On the one hand, the answer is nowhere. Wittgenstein can't make any sense of the philosophical self—any talk of it is, strictly speaking, nonsense. On the other hand, Wittgenstein can get some purchase on this question. He draws an analogy between the "I" (and the external world) and the eye (and the visual field): Though I cannot see my own eye in my visual field, the very existence of the visual field is nothing other than the working of my eye; likewise, though the philosophical self cannot be located in the world, the very experience of the world is nothing other than what it is to be an "I." Nothing can be said about the self in Wittgenstein's philosophy, but the self is mademanifest insofar as "the world is my world"—or, as Wittgenstein more strikingly phrases it, "I am my world." This, he declares, is "how much truth there is in solipsism."
"I am my world" is what Wallace had in mind when he spoke of "the loss of the whole external world" in the Tractatus. There is no difference, ultimately, for Wittgenstein between solipsism and realism (solipsism "coincides with pure realism," he writes). For Wallace, this was a harrowing equation, the dark emotional takeaway of the Tractatus's severe anti-metaphysics. This was also, for Wallace, what Markson had rendered imaginatively in his novel. Without ever raising these ideas explicitly, Markson had conveyed them with a special kind of clarity. Wittgenstein's Mistress, by echoing the Tractatus's brusque, dreamlike sentences and placing Kate in a cold, lonely, self-as-world cosmos, had managed, as Wallace put it, to "capture the flavor both of solipsism and of Wittgenstein." What's more, Wallace felt Markson had done something that even Wittgenstein hadn't been able to do: he humanized the intellectual problem, communicating "the consequences, for persons, of the practice of theory; the difference, say, between espousing 'solipsism' as a metaphysical 'position' & waking up one fine morning after a personal loss to find your grief apocalyptic, literally millennial, leaving you the last and only living thing on earth." That was something only fiction, not philosophy, could do.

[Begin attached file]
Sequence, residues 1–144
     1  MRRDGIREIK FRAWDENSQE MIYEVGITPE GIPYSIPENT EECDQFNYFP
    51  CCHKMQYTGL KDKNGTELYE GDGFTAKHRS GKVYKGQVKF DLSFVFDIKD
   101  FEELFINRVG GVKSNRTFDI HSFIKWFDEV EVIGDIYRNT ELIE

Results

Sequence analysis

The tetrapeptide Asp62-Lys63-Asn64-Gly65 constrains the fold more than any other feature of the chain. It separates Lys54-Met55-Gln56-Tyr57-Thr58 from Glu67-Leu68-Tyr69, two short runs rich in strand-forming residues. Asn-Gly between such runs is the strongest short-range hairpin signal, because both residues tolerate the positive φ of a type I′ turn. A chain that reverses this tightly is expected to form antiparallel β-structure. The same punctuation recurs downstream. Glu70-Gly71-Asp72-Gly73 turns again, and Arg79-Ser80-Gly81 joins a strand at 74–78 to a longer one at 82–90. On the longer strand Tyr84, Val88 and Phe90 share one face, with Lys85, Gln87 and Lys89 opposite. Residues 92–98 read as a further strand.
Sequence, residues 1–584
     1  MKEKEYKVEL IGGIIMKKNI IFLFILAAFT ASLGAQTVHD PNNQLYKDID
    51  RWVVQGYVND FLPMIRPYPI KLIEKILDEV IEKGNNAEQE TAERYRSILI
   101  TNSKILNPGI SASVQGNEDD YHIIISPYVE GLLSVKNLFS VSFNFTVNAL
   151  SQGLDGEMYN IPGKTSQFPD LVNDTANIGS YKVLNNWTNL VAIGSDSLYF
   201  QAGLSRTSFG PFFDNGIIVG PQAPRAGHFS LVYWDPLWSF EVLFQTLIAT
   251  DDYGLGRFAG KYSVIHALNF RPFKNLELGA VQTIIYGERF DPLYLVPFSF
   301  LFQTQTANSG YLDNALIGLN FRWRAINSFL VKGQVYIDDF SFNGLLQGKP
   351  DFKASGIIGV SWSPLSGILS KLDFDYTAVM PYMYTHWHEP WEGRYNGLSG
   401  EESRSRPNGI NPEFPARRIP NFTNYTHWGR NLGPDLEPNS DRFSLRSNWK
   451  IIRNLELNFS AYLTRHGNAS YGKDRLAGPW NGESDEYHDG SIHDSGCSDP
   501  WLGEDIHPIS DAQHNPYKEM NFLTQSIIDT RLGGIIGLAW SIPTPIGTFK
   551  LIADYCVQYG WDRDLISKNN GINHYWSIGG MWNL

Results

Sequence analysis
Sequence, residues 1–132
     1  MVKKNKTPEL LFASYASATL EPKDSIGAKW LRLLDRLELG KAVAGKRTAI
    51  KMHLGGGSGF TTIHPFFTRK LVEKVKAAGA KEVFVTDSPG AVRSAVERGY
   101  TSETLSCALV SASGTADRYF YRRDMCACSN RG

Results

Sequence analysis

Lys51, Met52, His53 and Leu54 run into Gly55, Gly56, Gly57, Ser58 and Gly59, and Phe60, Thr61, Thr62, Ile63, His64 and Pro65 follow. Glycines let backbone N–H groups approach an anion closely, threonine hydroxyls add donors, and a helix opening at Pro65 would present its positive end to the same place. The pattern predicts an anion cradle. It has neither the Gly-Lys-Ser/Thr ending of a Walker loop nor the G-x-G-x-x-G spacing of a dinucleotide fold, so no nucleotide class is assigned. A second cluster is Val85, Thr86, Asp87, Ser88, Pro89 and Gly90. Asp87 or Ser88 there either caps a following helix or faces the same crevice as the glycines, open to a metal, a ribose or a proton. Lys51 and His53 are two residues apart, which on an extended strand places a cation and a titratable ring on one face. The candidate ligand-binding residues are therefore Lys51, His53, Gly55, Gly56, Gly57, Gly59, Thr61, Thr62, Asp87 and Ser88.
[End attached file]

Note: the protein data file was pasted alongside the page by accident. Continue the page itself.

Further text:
Solipsism, sometimes discussed as a doctrine but also evoked as a metaphor for isolation and loneliness, pervades Wallace's writing. "Plainly, Dave, as a guy and a writer, had a lifelong horror/fascination with the idea of a mind sealed off," Mark Costello told me. "His stories are full of sealed-off people." The self-obsessing narrator of "Good Old Neon," who has committed suicide and addresses the reader from beyond the grave, says "you're at least getting an idea, I think, of what it was like inside my head," of "how exhausting and solipsistic it is to be like this." The high-school students at the tennis academy in Infinite Jest wrestle with the question, "how we can keep from being 136 deeply alone people all jammed together?"—a problem that one of them diagnoses in intellectual terms ("Existential individuality, frequently referred to in the West. Solipsism") and another in emotional ones ("In a nutshell, what we're talking about here is loneliness"). The novelist Jonathan Franzen, one of Wallace's close friends, has said that he and Wallace agreed that the fundamental purpose of fiction was to combat loneliness. The paradox for Wallace was that to be a writer called for spending a lot of time alone in one's own head, giving rise to the feeling, as he wrote in "The Empty Plenum," "that one's head is, in some sense, the whole world, when the imagination becomes not just a more congenial but a realer environment than the Big Exterior of life on earth."
VI. " The single most beautiful argument against solipsism that' s ever been made."
Could solipsism be overcome? In The Broom of the System, Norman Bombardini, a very wealthy and very overweight man who owns the building in which Lenore works, bemoans what he calls "the Great Horror": the prospect of "an empty, rattling personal universe, one where one finds oneself with a Self, on one hand, and vast empty lonely spaces before Others begin to enter the picture at all, on the other." He devises a solution, a kind of spoof of the Tractatus's line "I am my world," which is to keep eating until he grows to infinite size, making himself coextensive with the world. (He calls the scheme "Project Total Yang.") Bombardini is only a minor character in the novel, and fittingly so, for the bulk of The Broom of the System is concerned not with the solipsism of early Wittgenstein but rather with the philosophy of the later Wittgenstein—who roundly rejected solipsism. Just as Markson conjured the solipsism of the Tractatus into an artistic creation, so too did Wallace hope to summon, in Broom, the anti-solipsistic worldview of Philosophical Investigations.
James Ryerson is an editor at the New York Times.
Photographs of: Roger Federer by Ian Kington/AFP/Getty Images; Ludwig Wittgenstein by Ben Richards; David Foster Wallace by by Keith Bedford/Getty Images.